• Well our brand new mortgage starts in April - it's interest only for the 1st 3 years then switches to repayment. We've already decided to overpay slightly and more when the other debts vanish in 2008. We're only overpaying by £13.41 per month by upping the DD to a nice round figure, but it's a start :)
    Still wish I could buy a TARDIS instead of a house!
  • Frugal_Fox
    Frugal_Fox Posts: 1,002 Forumite

    Many thanks. Currently a Debt Free Wannabe... however, had already decided that once debts are paid, full attention would be given to our mortgage, and I've already got a spreadsheet that shows me when we are totally free. Fab idea, and look forward to joining in more nearer my Debt Free Day when I can then focus on this more.

    "A simple life freely chosen is a source of strength. Do not be pursuaded into buying what you do not need or cannot afford." Quaker Faith & Practice 1.02.41
  • kiwichick
    kiwichick Posts: 1,857
    First Anniversary Combo Breaker
    I'm thrilled to have had this new forum launched. Until I joined the MSE family I never really looked at my mortgage as a debt, more like something that everyone had. I always assumed we'd have it for at least 25 years possibly longer. I did try to watch the tv programme "Pay off your mortgage in 2 years" but found it too OTT and the whole format came across as unachivable.

    Having a forum like this is a far more realistic approach to the whole concept of aiming to be mortgage free. Lets face it, even saving a year off the typical 25 year mortgage is a saving of thousands, and every overpayment, regardless how big or small, is one more step to getting there.

    We are moving in a few weeks and our mortgage is taking a leap of gargantuan proportions. Currently it is £96K and change over 21 years but will be going up to £118K over 30 years!!! At this rate I'll be 56 by the time its paid off. I will be following this board with both interest and hope, aiming to get as much info and support as possible from like minded people. I have already managed to make time for an evening job and will be trying to put the money to one side for overpayments.

    Good luck to all of us trying to achive this, it really WILL be a life changer.

    WW Start Weight 18/04/12 = 19st 11lbs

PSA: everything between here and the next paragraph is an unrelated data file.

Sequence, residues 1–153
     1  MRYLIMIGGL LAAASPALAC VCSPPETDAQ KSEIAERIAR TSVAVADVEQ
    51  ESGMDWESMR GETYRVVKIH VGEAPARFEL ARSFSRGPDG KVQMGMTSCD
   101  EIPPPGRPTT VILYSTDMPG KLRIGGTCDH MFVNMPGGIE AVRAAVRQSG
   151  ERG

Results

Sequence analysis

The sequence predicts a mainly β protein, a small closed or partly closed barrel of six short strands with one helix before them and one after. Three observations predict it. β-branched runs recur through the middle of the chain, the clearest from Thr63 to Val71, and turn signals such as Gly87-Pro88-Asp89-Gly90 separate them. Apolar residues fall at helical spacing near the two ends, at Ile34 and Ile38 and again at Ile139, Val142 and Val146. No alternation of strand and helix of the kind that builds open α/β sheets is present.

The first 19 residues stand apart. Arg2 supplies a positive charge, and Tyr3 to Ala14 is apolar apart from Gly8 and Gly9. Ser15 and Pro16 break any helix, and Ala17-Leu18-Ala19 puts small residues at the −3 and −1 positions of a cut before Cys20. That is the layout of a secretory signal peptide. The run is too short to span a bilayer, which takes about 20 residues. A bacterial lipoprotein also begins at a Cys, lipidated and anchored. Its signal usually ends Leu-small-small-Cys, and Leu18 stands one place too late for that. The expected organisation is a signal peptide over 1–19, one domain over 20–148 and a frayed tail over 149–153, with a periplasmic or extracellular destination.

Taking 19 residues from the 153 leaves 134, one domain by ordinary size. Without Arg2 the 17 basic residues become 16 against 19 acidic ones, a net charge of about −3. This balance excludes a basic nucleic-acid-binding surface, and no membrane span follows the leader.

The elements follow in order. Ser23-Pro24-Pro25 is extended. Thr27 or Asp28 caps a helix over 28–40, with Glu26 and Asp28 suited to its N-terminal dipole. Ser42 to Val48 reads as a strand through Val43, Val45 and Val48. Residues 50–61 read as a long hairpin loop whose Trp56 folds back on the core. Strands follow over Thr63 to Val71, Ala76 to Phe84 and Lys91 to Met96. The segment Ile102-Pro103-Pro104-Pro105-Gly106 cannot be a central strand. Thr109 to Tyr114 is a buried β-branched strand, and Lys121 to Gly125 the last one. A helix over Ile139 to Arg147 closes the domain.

Weight today = 17st 6.5lbs
    Loss to date 32.5lbs!!!
  • I'm giving this a lot of thought at the moment. Basically we are thinking about moving (because our 3rd bedroom is small and we can't have a dormer loft conversion or extend on the side of our house). We have about 13 years to go on our mortgage and could comfortably overpay by at least a couple of hundred a month. It's a real dilemma. Accept that our youngest (rising 8) will just have to make do, overpay each month and be mortgage free in 6-8 years but only ever have a 3bed semi. But lots of cash to pay kids through college, make great investments/savings and have nice holidays. Or go back into the full 25 years at loadsamoney repayments every month for a bigger and better house and say aurevoir to the comfortable breathing space we now have money-wise. We're both hitting 40 so it's certainly feasible to go for a big 25 year mortgage. Heart sinks a bit at the thought though, especially when the end could be in sight. If anyone has any opinions on this, I'd be very happy to have them.
    Waddle you do eh?
  • kiwichick
    kiwichick Posts: 1,857
    First Anniversary Combo Breaker

    We are in a similar situation, or will be in a couple of years time. We are moving to a 3 bed semi and have 3 kids so 2 will share and 1 will take the box room. As they are still small I dont for see any problems but when they are older I can see problems arising about lack of space etc.

    Personally, I would stay put. Kids are adaptable, I shared a small room with my sister and we've both come through it unscathed. I would rather my kids shared and maybe had a bit less space if it means I can afford to save to put them through uni. The cost of education is constantly rising and yet it SO important to be able to provide this foundation for our children.

    Whatever you decide, good luck in it.
    WW Start Weight 18/04/12 = 19st 11lbs
    Weight today = 17st 6.5lbs
    Loss to date 32.5lbs!!!